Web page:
In the 1970s, a single state law completely transformed the way California sentenced its criminals. The Uniform Determinate Sentencing Law was signed in 1976 by Governor Jerry Brown (yes, the same guy). Shortly thereafter the prison population began to metastasize.
In 1950, California had four state prison facilities and about 11,500 prisoners. By 2006, at the peak of the state’s prison overcrowding, there were 33 prisons and more than 172,000 inmates! That’s an increase of more than 900 percent!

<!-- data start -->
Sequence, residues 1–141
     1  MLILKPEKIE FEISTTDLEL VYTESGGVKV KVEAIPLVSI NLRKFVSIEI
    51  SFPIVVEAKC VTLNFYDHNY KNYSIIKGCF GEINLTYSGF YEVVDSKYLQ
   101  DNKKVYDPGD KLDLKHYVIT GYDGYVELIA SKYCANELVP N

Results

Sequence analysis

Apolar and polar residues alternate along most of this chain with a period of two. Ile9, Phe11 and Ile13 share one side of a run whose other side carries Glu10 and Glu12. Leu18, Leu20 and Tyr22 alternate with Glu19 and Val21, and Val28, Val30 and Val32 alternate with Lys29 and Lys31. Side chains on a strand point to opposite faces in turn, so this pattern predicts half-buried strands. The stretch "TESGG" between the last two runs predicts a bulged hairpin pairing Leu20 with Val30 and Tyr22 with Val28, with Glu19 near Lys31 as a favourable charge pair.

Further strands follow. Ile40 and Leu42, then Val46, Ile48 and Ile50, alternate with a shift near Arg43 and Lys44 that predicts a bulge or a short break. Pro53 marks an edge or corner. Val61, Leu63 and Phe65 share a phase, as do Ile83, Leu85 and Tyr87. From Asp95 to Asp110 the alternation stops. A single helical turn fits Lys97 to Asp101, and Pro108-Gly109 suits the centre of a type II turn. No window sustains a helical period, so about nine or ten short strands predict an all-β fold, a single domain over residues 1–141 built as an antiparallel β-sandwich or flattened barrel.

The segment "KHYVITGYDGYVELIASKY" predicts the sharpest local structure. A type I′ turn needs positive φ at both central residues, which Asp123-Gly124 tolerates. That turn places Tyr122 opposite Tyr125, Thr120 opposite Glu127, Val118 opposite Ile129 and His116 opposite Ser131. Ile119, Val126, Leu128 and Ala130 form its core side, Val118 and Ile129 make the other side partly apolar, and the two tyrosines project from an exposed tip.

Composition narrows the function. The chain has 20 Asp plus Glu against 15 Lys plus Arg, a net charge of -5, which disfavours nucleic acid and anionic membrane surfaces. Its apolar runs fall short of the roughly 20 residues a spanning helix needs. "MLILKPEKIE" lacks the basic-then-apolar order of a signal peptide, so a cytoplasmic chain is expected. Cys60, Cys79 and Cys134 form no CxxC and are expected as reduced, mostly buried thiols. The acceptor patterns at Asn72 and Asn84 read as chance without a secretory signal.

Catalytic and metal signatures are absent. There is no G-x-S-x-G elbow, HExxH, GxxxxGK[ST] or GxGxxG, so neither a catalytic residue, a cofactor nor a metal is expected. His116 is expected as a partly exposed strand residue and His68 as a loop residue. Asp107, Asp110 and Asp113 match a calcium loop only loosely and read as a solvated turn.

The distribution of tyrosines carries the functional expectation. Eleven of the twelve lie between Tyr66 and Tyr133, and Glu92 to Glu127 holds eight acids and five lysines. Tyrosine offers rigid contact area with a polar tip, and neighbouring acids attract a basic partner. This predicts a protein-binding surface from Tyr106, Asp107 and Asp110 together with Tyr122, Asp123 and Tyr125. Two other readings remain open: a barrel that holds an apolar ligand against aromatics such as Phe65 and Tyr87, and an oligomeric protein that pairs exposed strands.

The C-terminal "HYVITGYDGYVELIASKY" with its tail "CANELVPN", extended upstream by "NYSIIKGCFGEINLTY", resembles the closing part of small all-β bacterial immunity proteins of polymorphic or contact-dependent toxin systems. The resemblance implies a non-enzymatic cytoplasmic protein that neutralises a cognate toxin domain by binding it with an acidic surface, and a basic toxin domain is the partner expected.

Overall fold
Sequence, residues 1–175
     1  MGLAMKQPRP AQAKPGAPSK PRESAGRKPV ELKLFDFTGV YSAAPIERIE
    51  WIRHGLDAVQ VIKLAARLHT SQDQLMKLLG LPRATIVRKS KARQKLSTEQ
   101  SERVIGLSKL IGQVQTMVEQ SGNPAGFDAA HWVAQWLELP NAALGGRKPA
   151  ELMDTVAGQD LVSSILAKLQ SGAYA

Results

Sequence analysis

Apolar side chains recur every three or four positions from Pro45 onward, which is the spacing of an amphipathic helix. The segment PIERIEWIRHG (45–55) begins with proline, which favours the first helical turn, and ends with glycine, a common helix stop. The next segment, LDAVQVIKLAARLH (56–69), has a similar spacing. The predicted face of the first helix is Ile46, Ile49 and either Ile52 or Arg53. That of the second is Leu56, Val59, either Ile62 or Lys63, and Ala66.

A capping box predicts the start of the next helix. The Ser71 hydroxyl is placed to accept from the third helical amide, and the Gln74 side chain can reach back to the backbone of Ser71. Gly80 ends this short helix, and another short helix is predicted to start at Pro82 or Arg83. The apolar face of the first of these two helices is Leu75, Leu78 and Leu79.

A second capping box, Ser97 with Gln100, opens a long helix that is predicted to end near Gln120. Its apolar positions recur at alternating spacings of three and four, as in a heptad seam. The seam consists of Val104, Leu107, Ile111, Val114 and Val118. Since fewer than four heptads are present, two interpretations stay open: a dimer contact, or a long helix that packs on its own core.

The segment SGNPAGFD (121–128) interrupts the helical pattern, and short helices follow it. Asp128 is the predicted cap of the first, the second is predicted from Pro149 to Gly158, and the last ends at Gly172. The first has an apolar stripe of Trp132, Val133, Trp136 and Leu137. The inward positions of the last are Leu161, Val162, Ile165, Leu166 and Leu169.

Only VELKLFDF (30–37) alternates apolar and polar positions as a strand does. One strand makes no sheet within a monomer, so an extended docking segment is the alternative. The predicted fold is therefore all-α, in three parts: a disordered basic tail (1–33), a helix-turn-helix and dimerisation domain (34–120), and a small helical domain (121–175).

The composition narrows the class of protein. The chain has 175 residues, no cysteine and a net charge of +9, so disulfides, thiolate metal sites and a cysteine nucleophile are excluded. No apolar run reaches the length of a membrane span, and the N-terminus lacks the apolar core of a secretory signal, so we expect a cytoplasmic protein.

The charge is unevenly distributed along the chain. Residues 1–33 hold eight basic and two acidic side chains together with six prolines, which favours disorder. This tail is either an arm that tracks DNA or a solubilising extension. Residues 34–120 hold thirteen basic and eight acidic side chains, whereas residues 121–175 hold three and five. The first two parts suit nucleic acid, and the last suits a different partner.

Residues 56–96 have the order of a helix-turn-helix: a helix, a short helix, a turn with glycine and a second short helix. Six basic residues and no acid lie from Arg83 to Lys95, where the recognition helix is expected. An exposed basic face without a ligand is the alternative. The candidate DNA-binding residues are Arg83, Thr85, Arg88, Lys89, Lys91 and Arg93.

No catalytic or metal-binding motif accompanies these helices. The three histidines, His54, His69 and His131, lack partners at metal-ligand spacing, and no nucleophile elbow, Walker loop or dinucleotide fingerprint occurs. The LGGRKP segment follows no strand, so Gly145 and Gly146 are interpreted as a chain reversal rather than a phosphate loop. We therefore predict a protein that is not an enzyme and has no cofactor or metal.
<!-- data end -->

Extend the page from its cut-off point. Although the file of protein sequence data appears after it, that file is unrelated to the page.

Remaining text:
California’s prisons are old, crumbling, and packed to the gills with inmates. The inmate population exploded in the late 1980s and 90s. It rose almost 900 percent over three decades and reached an all-time high in 2006, with more than 172,000 inmates behind bars. During that same period, the state almost tripled the number of prison facilities: Continue reading →